As a daily activity throughout our lives, cooking is largely automatic. Stirring, pouring, grinding, kneading, sprinkling; our hands know what to do. This is known as procedural memory and is the last to slip away in people with Alzheimer’s. Brard calls on these ingrained practices in Moving Memories, a set of playful, intuitive tools, that mimic familiar specific movements in cooking, stimulating the senses and encouraging curiosity.
Unlike real kitchen utensils, there is no wrong way to handle them. In a world that has become confusing and foreign for these patients, these movements are comforting in their familiarity.
Brard wants to give an autonomous pleasant and easy occupation that can release these patients from stress. The aesthetic of the objects respects the dignity of people with Alzheimer’s in the eye of their family.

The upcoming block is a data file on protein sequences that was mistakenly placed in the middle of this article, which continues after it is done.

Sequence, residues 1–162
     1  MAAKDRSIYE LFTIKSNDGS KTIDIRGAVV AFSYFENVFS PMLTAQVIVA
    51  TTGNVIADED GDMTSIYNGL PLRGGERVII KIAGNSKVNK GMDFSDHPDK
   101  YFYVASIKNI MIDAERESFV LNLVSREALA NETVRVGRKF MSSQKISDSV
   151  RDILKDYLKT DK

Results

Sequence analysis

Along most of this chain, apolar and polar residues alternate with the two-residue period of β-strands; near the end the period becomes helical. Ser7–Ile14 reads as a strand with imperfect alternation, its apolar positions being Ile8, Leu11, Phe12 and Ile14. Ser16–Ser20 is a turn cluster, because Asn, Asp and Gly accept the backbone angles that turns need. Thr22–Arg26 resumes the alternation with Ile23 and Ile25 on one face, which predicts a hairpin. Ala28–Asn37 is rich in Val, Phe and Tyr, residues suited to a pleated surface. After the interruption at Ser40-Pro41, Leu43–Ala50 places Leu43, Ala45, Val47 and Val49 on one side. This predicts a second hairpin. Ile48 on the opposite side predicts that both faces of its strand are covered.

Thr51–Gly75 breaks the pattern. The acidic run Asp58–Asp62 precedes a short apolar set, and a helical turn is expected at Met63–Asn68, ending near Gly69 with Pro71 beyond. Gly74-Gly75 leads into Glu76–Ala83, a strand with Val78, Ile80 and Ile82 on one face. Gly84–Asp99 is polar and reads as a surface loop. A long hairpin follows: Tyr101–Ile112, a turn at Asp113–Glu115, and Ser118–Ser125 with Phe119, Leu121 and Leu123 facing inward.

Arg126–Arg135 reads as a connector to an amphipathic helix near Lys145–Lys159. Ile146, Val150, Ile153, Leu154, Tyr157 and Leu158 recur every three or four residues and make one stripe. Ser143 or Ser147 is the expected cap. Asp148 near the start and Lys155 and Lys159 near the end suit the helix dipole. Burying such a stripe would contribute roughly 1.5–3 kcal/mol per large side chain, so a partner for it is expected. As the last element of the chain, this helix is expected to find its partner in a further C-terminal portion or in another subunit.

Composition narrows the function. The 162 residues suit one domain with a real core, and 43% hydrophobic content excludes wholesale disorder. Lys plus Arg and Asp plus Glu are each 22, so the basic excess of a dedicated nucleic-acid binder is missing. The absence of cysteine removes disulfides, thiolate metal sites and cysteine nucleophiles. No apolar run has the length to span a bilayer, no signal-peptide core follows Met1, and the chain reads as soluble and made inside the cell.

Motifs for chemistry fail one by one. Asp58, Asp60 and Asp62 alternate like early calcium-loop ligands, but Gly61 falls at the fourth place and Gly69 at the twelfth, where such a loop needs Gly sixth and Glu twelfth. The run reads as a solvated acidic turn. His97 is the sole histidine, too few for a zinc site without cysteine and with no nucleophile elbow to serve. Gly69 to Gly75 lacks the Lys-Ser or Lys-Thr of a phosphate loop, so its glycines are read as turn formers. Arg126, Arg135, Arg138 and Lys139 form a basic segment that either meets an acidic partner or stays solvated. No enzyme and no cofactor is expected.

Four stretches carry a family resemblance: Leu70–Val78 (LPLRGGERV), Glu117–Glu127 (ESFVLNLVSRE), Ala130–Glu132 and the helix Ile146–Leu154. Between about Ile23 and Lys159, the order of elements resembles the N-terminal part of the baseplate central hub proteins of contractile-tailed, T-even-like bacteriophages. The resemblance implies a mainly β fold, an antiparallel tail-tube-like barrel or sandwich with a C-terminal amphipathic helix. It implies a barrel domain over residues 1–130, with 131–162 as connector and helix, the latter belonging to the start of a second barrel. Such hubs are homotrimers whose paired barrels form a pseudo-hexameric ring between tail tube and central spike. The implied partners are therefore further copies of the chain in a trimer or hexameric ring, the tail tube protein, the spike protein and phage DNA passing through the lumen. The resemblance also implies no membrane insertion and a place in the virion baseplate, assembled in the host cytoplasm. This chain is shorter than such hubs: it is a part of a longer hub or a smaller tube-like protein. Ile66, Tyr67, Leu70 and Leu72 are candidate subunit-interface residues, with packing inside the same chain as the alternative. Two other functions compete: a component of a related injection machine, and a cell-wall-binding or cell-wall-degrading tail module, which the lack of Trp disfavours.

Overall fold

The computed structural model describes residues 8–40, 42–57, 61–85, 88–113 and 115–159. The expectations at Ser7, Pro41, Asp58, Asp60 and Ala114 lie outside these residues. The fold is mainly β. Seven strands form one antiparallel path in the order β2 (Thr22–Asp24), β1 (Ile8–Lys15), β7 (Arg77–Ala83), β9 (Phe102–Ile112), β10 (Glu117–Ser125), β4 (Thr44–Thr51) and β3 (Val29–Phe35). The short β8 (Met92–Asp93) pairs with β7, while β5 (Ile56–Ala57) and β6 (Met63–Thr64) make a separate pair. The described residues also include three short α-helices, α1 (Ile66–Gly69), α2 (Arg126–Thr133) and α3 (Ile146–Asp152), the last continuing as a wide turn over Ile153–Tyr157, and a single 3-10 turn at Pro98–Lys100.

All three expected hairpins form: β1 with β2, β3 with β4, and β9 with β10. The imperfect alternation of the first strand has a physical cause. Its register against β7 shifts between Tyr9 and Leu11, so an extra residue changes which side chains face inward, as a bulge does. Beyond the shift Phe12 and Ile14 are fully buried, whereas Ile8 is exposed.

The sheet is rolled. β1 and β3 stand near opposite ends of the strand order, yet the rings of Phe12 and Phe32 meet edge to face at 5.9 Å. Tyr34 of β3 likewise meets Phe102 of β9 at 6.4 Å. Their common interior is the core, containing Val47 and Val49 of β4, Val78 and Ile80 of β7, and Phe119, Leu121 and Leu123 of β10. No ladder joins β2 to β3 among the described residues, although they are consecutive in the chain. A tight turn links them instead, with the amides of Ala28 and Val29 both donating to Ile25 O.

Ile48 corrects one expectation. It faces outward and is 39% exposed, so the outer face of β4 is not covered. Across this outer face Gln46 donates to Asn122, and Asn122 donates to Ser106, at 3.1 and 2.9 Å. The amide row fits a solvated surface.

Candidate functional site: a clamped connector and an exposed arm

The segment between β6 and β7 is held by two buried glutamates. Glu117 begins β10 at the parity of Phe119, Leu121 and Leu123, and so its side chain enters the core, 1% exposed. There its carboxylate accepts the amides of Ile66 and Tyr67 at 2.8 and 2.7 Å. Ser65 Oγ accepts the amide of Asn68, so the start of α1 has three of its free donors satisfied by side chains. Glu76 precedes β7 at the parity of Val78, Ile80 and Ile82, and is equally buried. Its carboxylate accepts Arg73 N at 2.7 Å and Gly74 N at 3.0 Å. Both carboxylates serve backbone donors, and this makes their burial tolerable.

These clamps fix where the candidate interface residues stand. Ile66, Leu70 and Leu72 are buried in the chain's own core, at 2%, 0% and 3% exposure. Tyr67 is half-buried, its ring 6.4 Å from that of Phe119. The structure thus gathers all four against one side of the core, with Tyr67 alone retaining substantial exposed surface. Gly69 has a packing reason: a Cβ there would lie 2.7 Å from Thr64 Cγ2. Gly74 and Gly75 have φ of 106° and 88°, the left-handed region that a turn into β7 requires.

For this project, she went several times to a nursing home (Eerdbrand Archipel in Eindhoven) where she could try her models with different patients. She noticed the enthusiasm and interest of people who have restless hands, a typical symptom of the disease. They would explore the tactility and characteristics of each object as well as trying to assemble them or organise them, stimulating movements and memories.
Related article: Fast Company